Salvia aurita var. aurita is a fast-growing, herbaceous perennial that makes a fantastic groundcover in gardens that can offer a little summer watering.
Salvia aurita var. aurita is a fast-growing, low-growing, herbaceous perennial. The stems spread out sideways, up to 1.2 m, from a slightly upwardly curved base. The leaves are simple to lyre-shaped with toothed divisions facing backwards (runcinate), or egg-shaped (ovate), with margins crenate (notched with rounded teeth) or dentate (sharply toothed). Both stems and leaves are covered in glandless, fine, curled, dense hairs and oil globules. The foliage is aromatic. Flowers are produced in whorls, at intervals along flowering stems which have floral leaves. These floral leaves are egg-shaped at the base, then elongate and gradually taper to a sharp point (ovate-lanceolate) and have a bract present. The flower is typical of sage with a two-lipped corolla and ranges from pale blue to lilac, white and white blushed with pink. The upper lip is short and straight, equal in length to the lower lip. Flowers are borne in spring and summer.
Salvia aurita var. aurita flowers
Black or dark brown, shiny nutlets (1.7 mm in diameter) are visible at the base of the calyx and fall out when ripe. These nutlets do not become moist and sticky when wet.
Salvia aurita var. aurita is not threatened.
Distribution and habitat
This sage is endemic to southern Africa and occurs over a wide range from the Western Cape through the Eastern Cape, KwaZulu-Natal and Swaziland to Mpumalanga. It occurs at altitudes of 5–1 405 m in moist areas in valleys, open hillsides, renosterveld or along streams and in forests.
Derivation of name and historical aspects
Pliny the Elder, a Roman scientist and historian, was the first to use the name Salvia.
The virtues of sages can be found in old herbals (books describing the properties of plants) with woodcuts and engravings published in medieval and Renaissance Europe, giving medicinal recipes or describing charms or spells.
Salvias have been popular since the 1970s for ornamental gardening.
The name Salvia is presumably derived from the Latin, salvus meaning uninjured, whole, safe, well or sound and salvere, to be in good health, referring to the medicinal value of the plants.
The epithet aurita has its origins in the Latin language in which auritus means eared, with or having ears, or with large ears or long-eared, and refers to the ear-like lobes at the base of the leaves.
Synonymy of Salvia aurita var. aurita includes Salvia lasiostachys, S. pallidiflora and S. peglerae.
The two varieties of Salvia aurita are often confused with each other. Salvia aurita var. aurita has simple leaves with fairly indistinct basal lobes, which are egg-shaped (ovate). Salvia aurita var. galpinii has leaves which are divided feather-like (pinnately) into lobes reaching over halfway to the midrib (pinnatipartite), and have distinct basal lobes which are broad and oblong.
Salvia is the largest genus in the Lamiaceae family. It consists of approximately 900 species made up of annuals, perennials and shrubs. They are widely distributed around the world in warm temperate and tropical regions. 27 species are found naturally in southern Africa. Noteworthy southern African sages are Salvia africana-lutea, S. africana-caerulea, S. chamelaeagnea, S. muirii and S. disermas. Sages are commonly grown as ornamentals.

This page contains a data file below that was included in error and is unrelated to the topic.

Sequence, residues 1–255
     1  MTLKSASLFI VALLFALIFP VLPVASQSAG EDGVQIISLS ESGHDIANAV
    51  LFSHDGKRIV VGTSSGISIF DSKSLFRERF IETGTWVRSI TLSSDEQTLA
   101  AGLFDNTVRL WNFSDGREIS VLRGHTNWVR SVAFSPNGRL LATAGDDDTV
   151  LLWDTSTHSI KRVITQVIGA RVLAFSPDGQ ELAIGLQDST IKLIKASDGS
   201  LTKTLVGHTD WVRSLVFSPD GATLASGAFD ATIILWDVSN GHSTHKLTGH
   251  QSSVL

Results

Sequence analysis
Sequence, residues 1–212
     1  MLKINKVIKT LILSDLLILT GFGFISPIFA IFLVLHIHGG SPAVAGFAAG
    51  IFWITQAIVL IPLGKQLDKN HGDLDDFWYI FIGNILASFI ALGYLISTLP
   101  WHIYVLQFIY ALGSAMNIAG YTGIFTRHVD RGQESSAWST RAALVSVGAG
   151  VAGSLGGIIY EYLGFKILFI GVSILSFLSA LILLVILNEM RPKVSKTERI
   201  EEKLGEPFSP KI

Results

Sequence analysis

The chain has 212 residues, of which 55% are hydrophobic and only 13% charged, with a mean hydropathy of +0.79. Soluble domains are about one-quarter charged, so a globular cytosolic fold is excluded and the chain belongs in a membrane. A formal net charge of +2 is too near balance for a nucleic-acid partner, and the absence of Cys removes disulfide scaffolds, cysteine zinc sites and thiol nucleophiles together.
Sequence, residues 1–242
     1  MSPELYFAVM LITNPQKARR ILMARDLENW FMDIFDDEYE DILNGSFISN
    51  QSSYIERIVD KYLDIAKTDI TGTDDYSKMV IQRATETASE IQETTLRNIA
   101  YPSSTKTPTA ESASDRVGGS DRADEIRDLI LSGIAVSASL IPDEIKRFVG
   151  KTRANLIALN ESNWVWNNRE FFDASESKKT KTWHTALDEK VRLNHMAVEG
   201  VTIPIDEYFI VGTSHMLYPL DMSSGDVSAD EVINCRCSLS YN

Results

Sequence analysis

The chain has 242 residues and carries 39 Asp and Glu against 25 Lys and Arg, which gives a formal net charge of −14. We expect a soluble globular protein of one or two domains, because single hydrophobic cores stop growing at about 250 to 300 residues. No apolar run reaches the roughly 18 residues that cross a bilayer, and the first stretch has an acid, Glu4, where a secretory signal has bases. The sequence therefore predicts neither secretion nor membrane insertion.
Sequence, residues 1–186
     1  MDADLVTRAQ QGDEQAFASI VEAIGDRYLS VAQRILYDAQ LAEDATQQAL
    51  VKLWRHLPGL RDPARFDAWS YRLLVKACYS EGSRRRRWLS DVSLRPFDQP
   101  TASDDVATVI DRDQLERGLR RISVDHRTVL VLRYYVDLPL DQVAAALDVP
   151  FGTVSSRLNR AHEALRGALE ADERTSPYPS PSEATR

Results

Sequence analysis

Bees, butterflies and other insects are attracted to Salvia flowers.
Uses and cultural aspects
Most sages contain essential oils and have long been used in cooking and medicine all over the world. Salvia aurita var. aurita makes a wonderful, fast-growing, flowering, and seasonal groundcover.
Growing Salvia aurita var. aurita
This sage is used as a perennial for summer displays. Its low, lush foliage can be used as a groundcover in moist, open beds and can create an attractive cascade of foliage in deep, well watered containers.
Young plants are planted out at the end of spring. Salvia aurita var. aurita is easily combined with most flowering perennials and also gives good contrast with Fynbos elements such as Restionaceae, Proteaceae and Erica species.
The fast-growing plants get untidy after each growth period in summer and need to be pruned back hard. From time to time, it will be beneficial to maintain the growing area of the plants by removing excessive spreading side stems and to use these rooted shoots to propagate more plants, or give them to fellow gardeners to replant for their own use.
Salvia aurita var. aurita requires full sun with good drainage. It will survive with moderate water, but responds well to regular watering, especially in summer. No extra feeding is necessary for strong, healthy growth and flowering, although an occasional foliar feed would do no harm and the plants will tolerate feeding with organic or chemical fertilizers.
Young plants are easy to propagate from seed, cuttings or divisions of the creeping rootstock.
Sow seeds in late spring and early summer into general potting soil mix. Seedlings germinate quickly, and seedlings can be transplanted into well-drained potting soil once the first pair of true leaves appears.
Take tip cuttings in spring and summer. Cuttings must be without a terminal flowering bud. Place in rooting medium: 50% fine milled bark and 50% polystyrene (perlite, vermiculite, river sand and peat are alternatives). Place under mist or enclose in a plastic bag to retain humidity. Keep warm but out of direct sunlight, and cuttings should root in 2–4 weeks.
Due to their hairy and aromatic leaves the plants do not have any major pests, although mealy bugs may settle down near the base of the stems and leaves.
References and further reading
- Hedge, I.C. 1974. Revision of Salvia in Africa including Madagascar and Canary Islands. Notes from the Royal Botanic Garden Edinburgh 33(1).
Kirstenbosch National Botanical Garden